Theseus

Theseus is the Athenian hero who connects himself to other mythological figures and into history.

Statue of Theseus, Syntagma Square. Athens. Greece

Statue of Theseus, Syntagma Square. Athens. Greece

Who was Theseus?

In myth, he was the one who slayed the Cretan Minotaur, befriended Heracles, and with that, he furthermore connected himself to other figures. He isn’t a character who has a steady storyline. That is to say: Theseus’ life was not simply from birth to death, and his major point in his life is the destruction of the Minotaur. That is incorrect. In addition to connecting to Heracles later in his life, during his travels, he had gone to the eastern modern-day Greece, into Sparta, and even the northern Mediterranean. He journeyed across the land connecting himself into other myths.

However, he doesn’t stop there. He plays a part in Athenian history just as well.

Birth of Theseus

But before going that far into Theseus’ life, let us see into his beginning. His father was the Aegeus, King of Athens at the time. His mother was Aethra, daughter of the Pittheous, King of Troezen. During the night of marriage, Aethra was given royal blood for the future child. However, upon the same night, though there are variations on the timing, Poseidon gives his own deified blood and genetics to the future Theseus. It is at this point where Aethra’s child is destined to be a Greek Hero. With the blood of Royalty and the Gods, his Fate is predetermined for greatness to the utmost degree.

At this point in Theseus’ life, he is grouped to together in the category of Greek Heroes. However, what makes Theseus important? What is it that differentiates Theseus from other Greek heroes?

1.)    The Mythic Hero

Most notably, Theseus fights against the Cretan Minotaur. The Minotaur myth represents Theseus’ masculinity and his utilization of “good looks” in which he was aided by Ariadne and the String that guided him through the labyrinth. In addition, post-Minotaur myth, he becomes the Visionary for Athens. Later on, he becomes the Connector as he goes on journeying across the land.

2.)    The Connector

Theseus constantly branches his lifeline into other myths. He comes across Herakles, Jason and the Argonauts, Queen Hippolyta of the Amazons, even Helen of Sparta. Theseus, unlike other Greek heroes exemplifies the traveling hero who creates alliances, forms comrades that holds importance in their own myths.

3.)    The Visionary

Furthermore, in myth, Theseus becomes a Futurist for Athens. He expels the monarchial form of government and forms the Athenian democracy of the time. Though Pericles in 460-430 BCE became the actual Athenian populist who transformed the government and developed Athenian art and literature, Theseus provides the mythic etymology for Athens and democracy.

4.)    Enshrined in Athenian art and literature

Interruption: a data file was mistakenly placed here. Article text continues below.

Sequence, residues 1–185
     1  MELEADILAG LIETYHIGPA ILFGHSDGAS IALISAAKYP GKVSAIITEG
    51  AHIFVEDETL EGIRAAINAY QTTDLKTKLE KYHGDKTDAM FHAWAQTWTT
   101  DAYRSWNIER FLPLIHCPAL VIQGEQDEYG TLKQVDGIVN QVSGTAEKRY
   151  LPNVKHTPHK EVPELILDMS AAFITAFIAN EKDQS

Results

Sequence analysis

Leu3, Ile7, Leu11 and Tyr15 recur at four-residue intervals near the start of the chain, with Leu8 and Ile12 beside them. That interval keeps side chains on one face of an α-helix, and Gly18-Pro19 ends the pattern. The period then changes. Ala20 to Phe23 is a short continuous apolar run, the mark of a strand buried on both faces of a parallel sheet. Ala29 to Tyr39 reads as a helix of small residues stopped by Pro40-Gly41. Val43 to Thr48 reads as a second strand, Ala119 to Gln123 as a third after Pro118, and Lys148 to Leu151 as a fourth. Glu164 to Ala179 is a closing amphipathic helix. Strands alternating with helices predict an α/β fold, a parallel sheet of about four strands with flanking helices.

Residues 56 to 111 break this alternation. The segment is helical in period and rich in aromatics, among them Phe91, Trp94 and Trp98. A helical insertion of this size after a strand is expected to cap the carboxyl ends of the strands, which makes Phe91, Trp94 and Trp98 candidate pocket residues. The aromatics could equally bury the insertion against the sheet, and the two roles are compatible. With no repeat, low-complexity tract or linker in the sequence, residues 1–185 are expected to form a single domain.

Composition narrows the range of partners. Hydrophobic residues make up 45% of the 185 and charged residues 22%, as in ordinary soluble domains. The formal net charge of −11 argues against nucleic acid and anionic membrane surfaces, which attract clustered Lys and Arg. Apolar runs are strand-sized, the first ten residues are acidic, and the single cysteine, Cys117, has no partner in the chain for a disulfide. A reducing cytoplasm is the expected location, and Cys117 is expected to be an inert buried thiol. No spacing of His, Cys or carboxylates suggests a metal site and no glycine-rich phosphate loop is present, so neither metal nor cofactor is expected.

In addition, due to his mythic triumphs, Theseus is highly praised by the Athenian people. Consequently, they enshrine him in their art and literature.

Death of Theseus

During the time in which Theseus left Athens to travel to embrace his heroic fate, wisdom starts leaving him. During one of his last adventures, Theseus took Helen of Sparta who, at the time, was still somewhat young, to be his future wife. Later on, to help a comrade in aiding him to obtain his own wife, Theseus and Perithous attempted to kidnap Persephone. Ultimately, the plan failed and the two were trapped in the Underworld.

During this time, the Spartans raided Athens to get back Helen thus putting the city in turmoil. Eventually, Herakles came to the Underworld for his last Labor brought back Theseus to the mortal world. It was at this point when Theseus came back to Athens did he find the city in such a chaotic state. Consequently, the people exiled him. During his later travels, under extreme anxiety and fear of his own throne being taken by Theseus, Lycomedes threw him off a cliff thus ending his life.

However, even at death, Theseus remains to be an important heroic figure. Long after his death, Theseus supposedly returned during the Battle of Marathon (490 BC) in a spirited form that aided the Athenians to victory against the Persians.

As a result of seeing the ghost of Theseus, the general commanded Theseus’ bones be found, collected, and returned to Athens for burial. Currently, the burial site is called the Temple of Hephaestus. However, at the time of burial, it was called the Theseion which served as a sanctuary for the defenseless during the Persian Wartime.

From being a hero of divine and royal blood to being killed in exile, Theseus’ return allowed himself to be placed back into his honorary position in          history and served as a protector for his city.

            Sources

  1. Anthology of Classical Myth (Apollodorus, Hygenus, Plutarch)
  2. A Brief History of Ancient Greece
  3. http://www.mythindex.com/greek-mythology/T/Theseus.html
  4. http://www.igreekmythology.com/theseus.html
  5. http://www.metmuseum.org/toah/hd/thes/hd_thes.htm
  6. http://www.greekmythology.com/Myths/Heroes/Theseus/theseus.html
  7. http://commons.wikimedia.org/wiki/File:Statue_of_Theseus,_Syntagma_Square._Athens._Greece.jpg
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